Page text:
Hemp is a complete protein source like whey protein, it contains all nine amino acids your body requires. However, the exact amounts of those amino acids are inconclusive. It is one of the most easily digestible proteins though with between 91 percent and 98 percent of its protein digestible. So when using it as a post-workout option you are processing almost all of it’s protein. 


Hemp protein is also rich in omega 6 and omega 3 fatty acids, vital for heart health. As an added bonus, the hemp itself also contains the perfect ratio of 3:1 omega 6 to omega 3. An imbalance in this ratio may increase inflammation in the body. No other vegan protein powder offers these healthy fats.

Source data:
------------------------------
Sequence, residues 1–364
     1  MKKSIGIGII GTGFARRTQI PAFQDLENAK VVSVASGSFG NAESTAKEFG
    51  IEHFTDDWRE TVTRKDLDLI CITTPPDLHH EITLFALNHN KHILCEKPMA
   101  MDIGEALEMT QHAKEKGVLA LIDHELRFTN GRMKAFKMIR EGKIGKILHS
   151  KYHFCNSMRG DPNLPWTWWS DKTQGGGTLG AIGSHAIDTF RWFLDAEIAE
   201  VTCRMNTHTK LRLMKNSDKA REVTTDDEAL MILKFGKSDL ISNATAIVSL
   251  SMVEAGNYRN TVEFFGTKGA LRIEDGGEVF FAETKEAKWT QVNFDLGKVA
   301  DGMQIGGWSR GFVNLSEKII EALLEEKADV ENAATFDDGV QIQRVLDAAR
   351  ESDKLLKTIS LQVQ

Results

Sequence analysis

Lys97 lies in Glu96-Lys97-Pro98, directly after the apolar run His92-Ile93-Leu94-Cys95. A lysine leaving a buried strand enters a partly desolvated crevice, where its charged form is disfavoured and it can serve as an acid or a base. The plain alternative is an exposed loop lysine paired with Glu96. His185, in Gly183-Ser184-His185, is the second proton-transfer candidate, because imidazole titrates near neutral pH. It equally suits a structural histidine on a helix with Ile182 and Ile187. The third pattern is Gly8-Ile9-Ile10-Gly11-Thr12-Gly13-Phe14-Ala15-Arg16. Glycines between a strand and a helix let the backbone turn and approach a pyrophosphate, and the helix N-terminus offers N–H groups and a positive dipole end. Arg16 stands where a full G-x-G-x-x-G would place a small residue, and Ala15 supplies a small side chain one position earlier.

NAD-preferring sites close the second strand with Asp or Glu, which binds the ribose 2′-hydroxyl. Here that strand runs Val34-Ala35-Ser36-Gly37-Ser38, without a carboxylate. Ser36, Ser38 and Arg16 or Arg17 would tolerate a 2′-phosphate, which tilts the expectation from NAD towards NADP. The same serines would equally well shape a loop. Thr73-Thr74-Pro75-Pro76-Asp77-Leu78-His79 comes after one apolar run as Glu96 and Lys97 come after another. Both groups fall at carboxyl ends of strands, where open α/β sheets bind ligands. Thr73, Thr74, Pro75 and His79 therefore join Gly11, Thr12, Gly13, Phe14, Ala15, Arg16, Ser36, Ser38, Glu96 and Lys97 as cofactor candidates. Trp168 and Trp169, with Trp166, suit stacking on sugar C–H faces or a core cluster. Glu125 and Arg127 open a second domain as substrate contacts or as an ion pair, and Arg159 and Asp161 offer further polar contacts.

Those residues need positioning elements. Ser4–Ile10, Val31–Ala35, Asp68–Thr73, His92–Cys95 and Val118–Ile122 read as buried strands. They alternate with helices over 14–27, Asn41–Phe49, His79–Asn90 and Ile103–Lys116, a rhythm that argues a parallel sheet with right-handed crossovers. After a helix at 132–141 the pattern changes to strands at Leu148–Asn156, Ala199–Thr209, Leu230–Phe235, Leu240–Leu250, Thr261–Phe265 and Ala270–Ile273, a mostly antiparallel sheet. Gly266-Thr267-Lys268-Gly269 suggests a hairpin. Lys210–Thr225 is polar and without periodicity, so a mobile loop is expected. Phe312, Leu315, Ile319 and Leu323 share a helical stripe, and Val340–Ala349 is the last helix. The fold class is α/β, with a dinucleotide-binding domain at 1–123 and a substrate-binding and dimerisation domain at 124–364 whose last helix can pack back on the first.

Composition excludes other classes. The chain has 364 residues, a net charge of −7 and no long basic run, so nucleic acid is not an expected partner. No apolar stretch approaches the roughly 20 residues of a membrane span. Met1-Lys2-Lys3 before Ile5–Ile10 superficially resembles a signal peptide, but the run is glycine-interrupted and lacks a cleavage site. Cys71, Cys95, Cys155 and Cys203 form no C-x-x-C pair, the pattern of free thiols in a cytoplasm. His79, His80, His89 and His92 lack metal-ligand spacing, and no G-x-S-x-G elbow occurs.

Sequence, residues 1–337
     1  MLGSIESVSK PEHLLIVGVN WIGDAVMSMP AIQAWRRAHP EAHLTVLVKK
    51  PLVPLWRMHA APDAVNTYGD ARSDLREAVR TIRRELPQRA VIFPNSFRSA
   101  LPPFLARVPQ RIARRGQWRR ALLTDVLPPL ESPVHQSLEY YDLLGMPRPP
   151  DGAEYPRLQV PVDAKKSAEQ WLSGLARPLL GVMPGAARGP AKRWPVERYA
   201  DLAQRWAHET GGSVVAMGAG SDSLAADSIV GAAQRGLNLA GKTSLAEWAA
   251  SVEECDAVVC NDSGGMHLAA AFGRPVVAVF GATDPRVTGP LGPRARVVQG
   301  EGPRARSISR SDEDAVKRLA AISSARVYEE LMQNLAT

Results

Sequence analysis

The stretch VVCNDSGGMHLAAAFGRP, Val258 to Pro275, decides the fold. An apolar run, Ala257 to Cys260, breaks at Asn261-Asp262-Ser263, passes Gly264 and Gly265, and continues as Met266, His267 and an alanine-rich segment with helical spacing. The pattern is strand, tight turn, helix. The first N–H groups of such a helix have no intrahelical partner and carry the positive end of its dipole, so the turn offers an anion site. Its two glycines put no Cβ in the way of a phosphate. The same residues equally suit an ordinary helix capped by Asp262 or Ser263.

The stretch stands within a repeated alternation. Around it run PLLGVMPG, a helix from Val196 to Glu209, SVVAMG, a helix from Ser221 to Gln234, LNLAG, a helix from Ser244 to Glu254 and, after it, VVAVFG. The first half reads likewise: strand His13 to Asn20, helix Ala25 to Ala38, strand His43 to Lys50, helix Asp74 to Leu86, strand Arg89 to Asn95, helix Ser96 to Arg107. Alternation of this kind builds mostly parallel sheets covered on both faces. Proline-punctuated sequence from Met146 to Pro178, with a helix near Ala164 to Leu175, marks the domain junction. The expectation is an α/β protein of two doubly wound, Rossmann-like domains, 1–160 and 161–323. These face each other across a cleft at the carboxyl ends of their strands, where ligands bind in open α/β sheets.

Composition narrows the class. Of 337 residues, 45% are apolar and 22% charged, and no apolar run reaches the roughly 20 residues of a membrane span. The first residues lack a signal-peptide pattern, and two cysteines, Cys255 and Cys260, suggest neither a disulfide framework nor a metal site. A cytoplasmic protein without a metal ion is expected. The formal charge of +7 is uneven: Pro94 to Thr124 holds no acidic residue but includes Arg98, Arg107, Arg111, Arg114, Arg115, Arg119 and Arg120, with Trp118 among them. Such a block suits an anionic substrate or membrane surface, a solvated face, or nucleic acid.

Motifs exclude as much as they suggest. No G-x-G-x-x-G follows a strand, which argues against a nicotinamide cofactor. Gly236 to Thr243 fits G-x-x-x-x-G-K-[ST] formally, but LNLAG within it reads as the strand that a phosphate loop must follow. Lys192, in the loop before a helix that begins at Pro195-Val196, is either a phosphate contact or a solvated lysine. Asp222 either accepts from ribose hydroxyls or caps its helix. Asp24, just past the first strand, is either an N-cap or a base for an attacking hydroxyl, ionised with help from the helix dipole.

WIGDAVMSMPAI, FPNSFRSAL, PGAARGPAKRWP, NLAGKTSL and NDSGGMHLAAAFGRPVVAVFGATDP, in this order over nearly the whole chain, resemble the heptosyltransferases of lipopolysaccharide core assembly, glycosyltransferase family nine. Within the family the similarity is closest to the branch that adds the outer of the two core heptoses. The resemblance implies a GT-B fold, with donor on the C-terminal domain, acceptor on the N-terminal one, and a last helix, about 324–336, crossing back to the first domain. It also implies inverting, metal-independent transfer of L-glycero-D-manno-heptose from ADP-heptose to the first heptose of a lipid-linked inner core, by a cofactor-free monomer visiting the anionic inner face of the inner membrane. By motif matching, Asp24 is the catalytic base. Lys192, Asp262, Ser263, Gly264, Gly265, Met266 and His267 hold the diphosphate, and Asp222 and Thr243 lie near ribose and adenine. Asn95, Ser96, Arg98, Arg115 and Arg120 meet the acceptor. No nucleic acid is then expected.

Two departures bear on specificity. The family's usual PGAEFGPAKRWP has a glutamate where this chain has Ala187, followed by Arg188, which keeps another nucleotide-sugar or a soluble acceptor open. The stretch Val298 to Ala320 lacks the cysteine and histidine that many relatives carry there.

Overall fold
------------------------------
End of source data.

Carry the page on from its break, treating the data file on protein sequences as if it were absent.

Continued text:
Conclusion:


You’ll find there a lot of great options in regards to protein sources if you require something other than Whey. It is important to consider your goals, caloric intake and timing of when you are consuming your protein in regards to which plant based option best suits your needs. 


References:


https://www.mdpi.com/2075-4663/7/1/12/htm


https://www.healthline.com/nutrition/pea-protein-powder#1


https://nutritionj.biomedcentral.com/articles/10.1186/1475-2891-12-86#citeas


https://www.ncbi.nlm.nih.gov/pmc/articles/PMC1595159/


https://www.healthline.com/nutrition/hemp-protein-powder